4 November 2004 Optimal optical fiber for high spatial resolution in scanning electrochemical and photoelectrochemical microscopy
Author Affiliations +
High-resolution analytical techniques based on scanned microprobes over surfaces are useful to investigate reactions at different materials in solution, with possibilities for remote sensing. One of these techniques is Scanning Electrochemical and Photoelectrochemical Microscopy (SPECM), which allows to investigate both electrochemical and photoelectrochemical reactions either concurrently or simultaneously over a semiconductor surface. SPECM is based on the use of an optical fiber coated with a noble metal and isolated from its surrounding media with a polymer film. Spatial resolution for this technique strongly depends on the characteristics of the probe, for instance numerical aperture or the characteristics of optical fiber tips. According to this, there is an increasing need for reducing the optical probe sizes, as well as the illumination spot size, in order to improve spatial resolution for this technique. Usually, optical scanning probes are prepared by chemically etching an optical fiber in HF solutions or by heating and stretching an optical fiber locally with an oscillating flame or a CO2 laser beam. In this work, the goal of this study is to establish the optimal tip diameter and the total length of the taper in order to obtain a good transmission efficiency and thus to improve the sensitivity of the SPECM technique.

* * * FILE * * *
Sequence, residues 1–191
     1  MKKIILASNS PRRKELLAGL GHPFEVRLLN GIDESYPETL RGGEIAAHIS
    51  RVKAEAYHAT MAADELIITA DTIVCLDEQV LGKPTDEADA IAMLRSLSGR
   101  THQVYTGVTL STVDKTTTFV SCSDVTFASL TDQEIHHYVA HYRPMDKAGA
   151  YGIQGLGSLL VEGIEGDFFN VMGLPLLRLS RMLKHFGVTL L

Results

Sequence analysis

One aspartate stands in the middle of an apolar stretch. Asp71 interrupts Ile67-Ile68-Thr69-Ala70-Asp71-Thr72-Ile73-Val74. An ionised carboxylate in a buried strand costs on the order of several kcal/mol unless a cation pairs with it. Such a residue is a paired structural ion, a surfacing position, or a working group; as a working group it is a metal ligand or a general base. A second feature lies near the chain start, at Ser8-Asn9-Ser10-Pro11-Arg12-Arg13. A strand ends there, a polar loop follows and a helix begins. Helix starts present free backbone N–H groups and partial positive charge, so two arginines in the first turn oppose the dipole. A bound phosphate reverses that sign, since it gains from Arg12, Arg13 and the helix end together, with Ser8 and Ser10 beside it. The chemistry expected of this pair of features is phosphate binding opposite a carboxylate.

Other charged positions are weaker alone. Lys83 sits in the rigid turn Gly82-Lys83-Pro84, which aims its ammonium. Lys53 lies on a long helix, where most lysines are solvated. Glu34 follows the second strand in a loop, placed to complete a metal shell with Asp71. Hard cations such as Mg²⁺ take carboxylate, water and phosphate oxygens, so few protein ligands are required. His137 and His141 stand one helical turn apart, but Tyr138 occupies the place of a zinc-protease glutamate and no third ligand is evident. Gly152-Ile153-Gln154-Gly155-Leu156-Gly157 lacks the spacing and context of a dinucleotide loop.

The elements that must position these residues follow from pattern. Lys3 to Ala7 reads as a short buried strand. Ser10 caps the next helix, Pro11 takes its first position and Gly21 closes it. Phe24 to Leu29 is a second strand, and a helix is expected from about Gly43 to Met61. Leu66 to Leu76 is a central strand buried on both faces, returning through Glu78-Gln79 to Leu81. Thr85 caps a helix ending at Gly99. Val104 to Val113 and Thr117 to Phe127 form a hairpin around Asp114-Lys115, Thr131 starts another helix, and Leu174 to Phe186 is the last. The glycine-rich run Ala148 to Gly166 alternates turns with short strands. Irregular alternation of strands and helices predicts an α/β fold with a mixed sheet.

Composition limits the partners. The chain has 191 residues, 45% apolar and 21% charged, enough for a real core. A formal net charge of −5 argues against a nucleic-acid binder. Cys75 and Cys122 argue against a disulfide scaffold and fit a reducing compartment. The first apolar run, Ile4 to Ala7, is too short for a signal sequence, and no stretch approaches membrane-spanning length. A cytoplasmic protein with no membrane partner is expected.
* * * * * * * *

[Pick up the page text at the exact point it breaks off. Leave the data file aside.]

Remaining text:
© (2004) COPYRIGHT Society of Photo-Optical Instrumentation Engineers (SPIE). Downloading of the abstract is permitted for personal use only.
Jorge Avalos-Martinez, Jorge Avalos-Martinez, Joel Villatoro, Joel Villatoro, Jorge L. Flores, Jorge L. Flores, Guillermo Garcia-Torales, Guillermo Garcia-Torales, Maximiliano Barcena-Soto, Maximiliano Barcena-Soto, Norberto Casillas, Norberto Casillas, } "Optimal optical fiber for high spatial resolution in scanning electrochemical and photoelectrochemical microscopy", Proc. SPIE 5543, Infrared Spaceborne Remote Sensing XII, (4 November 2004); doi: 10.1117/12.561579; https://doi.org/10.1117/12.561579

Back to Top